On Tuesday, Nov 1st, Linda Gilbert (above left) and Andrea Schoettmer (above right) from NWS Louisville observed a prescribed burn in Hoosier National Forest just southwest of English, IN. Brad Lidell, Forest Engineer, invited the forecasters out to observe the burn. Brad is one representative among many from forests over southern Indiana and central Kentucky that work together with forecasters at NWS Louisville to determine if weather conditions are favorable for prescribed burning. Prescribed burning is planned/controlled burning which is used to eliminate ground litter and aid ecosystems. For more information on prescribed burns, click here. In addition, NWS Louisville and forest representatives work together in determining dangerous fire weather days in which no burning is allowed by anyone due to dry, windy conditions and the risk of uncontrolled wildfires.
Below are pictures of the prescribed burn on Nov 1st at Hoosier National Forest:
The prescribed burn even showed up on radar! In the image below, the blue and green radar returns southwest of English at 2:30 pm EDT are the smoke and debris from the fire that rose high enough off of the ground for the radar to detect. Notice how the plume is oriented from southwest to northeast. This makes sense given the south/southwesterly winds observed yesterday. In later radar scans, weaker radar echoes were observed as far north as Valeene and Hardinsburg. The smoke and debris had mixed out into the air quite a bit before reaching those locations, thus, the weaker radar returns.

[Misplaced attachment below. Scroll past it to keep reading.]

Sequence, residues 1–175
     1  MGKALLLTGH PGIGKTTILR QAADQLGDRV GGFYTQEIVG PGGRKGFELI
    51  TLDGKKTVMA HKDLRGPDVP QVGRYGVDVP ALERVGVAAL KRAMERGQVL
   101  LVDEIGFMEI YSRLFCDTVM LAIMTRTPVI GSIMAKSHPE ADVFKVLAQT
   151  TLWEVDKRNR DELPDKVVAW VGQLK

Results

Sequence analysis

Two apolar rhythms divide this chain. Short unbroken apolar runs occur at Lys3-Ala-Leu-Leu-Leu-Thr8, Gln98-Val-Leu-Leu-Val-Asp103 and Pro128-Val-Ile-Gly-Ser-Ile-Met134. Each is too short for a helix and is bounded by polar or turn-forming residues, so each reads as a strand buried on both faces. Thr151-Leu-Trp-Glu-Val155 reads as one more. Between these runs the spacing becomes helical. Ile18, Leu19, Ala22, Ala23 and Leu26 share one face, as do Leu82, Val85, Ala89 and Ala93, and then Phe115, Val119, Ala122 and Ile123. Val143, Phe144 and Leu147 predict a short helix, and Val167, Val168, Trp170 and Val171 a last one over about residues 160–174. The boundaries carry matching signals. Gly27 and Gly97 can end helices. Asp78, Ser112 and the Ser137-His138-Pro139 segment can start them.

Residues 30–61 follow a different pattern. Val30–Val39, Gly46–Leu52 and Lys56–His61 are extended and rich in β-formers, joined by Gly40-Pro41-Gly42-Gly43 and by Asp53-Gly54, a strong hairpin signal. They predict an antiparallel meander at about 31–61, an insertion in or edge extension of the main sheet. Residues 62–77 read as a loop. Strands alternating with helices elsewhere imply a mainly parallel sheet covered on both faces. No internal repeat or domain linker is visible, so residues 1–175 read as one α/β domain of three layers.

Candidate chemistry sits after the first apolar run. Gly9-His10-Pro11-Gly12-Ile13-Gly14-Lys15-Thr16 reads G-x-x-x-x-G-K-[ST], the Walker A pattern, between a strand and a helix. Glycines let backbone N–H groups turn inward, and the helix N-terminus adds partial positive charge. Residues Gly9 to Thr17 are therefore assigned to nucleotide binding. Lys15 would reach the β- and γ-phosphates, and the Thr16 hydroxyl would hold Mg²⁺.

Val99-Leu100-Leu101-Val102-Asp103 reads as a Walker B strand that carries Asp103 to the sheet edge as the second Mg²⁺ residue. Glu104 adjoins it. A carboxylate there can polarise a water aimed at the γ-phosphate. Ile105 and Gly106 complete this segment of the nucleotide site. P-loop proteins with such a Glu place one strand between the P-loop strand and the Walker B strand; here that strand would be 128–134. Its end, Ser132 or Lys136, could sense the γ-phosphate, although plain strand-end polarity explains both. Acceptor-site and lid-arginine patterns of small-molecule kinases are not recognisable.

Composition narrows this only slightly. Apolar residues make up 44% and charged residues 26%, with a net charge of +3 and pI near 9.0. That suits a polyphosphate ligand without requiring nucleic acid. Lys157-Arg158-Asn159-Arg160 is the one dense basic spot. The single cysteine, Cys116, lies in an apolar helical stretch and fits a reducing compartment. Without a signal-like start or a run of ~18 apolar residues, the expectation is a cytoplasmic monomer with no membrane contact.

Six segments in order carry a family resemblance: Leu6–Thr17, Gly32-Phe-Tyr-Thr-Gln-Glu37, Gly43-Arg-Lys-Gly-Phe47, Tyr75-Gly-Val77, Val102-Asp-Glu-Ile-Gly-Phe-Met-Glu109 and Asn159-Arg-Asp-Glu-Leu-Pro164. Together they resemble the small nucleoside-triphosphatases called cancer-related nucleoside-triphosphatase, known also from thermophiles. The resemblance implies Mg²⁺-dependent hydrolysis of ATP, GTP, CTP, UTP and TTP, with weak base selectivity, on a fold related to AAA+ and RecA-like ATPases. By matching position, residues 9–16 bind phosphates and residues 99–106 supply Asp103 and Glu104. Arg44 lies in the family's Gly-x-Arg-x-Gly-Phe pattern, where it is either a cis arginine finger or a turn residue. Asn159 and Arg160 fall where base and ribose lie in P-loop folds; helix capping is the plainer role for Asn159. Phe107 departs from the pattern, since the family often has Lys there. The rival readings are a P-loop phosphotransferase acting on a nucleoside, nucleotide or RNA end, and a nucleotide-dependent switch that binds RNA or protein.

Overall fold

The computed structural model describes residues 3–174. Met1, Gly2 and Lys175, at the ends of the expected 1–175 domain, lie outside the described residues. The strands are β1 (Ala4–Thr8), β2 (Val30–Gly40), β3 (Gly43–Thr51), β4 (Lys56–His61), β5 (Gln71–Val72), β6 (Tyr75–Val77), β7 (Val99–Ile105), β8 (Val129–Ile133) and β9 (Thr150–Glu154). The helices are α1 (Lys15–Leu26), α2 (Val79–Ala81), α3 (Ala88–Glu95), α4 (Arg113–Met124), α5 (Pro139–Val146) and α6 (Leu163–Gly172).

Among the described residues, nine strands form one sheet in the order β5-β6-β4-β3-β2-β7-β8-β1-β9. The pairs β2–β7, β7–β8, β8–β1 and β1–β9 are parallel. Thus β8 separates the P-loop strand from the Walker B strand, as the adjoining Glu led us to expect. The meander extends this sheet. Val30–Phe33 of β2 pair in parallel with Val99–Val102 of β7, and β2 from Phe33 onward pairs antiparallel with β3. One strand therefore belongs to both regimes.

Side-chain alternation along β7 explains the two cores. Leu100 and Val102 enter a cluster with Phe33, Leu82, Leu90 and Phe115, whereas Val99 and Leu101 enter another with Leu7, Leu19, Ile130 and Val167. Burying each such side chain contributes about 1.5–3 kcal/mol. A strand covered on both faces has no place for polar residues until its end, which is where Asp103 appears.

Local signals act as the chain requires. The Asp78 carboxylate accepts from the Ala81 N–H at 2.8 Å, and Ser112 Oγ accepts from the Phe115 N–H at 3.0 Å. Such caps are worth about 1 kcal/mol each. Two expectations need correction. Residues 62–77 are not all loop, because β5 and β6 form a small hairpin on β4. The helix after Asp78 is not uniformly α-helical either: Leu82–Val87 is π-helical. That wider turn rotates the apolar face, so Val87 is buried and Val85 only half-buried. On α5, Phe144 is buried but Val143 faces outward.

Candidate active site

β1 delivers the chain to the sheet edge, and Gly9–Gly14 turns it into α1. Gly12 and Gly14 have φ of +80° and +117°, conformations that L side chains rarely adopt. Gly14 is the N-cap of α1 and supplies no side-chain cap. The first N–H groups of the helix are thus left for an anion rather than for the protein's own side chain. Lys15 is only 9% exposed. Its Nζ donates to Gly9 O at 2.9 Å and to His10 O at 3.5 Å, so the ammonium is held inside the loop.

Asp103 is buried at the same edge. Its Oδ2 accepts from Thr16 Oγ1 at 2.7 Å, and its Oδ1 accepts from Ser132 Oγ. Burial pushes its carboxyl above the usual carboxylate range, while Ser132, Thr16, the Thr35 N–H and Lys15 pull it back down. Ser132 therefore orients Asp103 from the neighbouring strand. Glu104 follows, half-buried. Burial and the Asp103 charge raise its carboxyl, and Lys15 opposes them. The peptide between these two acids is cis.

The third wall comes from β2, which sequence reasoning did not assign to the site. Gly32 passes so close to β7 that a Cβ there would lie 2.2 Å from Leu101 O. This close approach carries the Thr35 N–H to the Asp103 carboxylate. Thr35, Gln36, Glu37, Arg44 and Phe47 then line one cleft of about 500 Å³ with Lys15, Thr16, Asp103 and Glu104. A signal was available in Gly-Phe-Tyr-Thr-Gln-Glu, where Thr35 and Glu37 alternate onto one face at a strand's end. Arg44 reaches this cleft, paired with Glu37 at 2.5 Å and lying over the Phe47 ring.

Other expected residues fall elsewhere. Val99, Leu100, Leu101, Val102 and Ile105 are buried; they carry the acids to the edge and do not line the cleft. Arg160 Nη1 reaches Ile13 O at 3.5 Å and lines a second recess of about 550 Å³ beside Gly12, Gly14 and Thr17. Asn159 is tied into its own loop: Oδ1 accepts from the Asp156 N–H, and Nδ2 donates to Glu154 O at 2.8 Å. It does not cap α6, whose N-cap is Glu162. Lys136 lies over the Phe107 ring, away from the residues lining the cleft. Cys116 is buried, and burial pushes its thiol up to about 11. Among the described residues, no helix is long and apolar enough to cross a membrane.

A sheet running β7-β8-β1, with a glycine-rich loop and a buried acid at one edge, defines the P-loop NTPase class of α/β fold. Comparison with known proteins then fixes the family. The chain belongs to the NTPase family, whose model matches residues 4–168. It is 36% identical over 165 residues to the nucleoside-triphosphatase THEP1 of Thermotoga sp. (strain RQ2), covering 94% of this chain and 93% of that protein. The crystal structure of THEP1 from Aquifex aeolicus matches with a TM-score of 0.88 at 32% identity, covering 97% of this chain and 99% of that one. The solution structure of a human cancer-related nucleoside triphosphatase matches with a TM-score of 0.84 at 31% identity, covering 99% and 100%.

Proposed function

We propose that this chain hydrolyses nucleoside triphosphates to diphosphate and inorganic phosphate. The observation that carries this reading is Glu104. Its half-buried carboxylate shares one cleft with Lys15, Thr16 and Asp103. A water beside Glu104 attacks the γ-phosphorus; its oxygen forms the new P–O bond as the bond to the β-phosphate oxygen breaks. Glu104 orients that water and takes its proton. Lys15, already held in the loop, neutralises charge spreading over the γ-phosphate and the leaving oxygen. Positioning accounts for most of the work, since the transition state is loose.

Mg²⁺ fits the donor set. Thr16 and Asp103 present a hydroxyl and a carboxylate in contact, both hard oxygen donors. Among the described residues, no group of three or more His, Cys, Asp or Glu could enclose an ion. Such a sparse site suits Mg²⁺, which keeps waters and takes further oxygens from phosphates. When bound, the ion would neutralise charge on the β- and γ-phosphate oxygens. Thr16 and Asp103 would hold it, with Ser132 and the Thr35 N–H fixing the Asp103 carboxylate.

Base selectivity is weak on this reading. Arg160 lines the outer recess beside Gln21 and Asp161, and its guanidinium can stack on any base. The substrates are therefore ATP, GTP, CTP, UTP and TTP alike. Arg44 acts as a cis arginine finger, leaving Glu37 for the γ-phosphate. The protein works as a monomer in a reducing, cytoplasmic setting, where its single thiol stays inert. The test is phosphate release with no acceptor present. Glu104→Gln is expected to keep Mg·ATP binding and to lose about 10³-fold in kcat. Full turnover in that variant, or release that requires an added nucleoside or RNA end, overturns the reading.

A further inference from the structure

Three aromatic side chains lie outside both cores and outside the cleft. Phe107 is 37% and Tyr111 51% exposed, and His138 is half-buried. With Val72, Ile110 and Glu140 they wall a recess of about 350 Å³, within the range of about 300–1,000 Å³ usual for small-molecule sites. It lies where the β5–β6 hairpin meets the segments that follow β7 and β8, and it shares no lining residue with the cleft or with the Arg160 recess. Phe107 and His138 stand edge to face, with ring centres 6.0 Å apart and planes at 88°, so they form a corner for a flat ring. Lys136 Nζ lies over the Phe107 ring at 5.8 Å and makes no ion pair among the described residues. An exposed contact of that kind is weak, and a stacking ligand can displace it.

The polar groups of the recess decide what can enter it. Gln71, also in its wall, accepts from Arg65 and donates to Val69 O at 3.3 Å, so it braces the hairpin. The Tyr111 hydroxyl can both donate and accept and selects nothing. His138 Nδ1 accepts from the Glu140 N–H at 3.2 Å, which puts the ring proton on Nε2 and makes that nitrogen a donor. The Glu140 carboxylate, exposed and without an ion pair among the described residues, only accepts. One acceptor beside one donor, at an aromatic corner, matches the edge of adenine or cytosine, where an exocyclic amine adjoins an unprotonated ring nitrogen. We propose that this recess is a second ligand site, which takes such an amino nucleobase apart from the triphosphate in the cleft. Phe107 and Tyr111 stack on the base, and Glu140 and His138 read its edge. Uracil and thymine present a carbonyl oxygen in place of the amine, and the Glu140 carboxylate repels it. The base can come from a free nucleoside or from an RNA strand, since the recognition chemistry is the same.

Wednesday, Nov 2nd, a prescribed burn lead by Brad Lidell was occurring in Hoosier National Forest between the towns Terry and Dexter. Notice the well defined smoke/debris plume shown in the radar image below.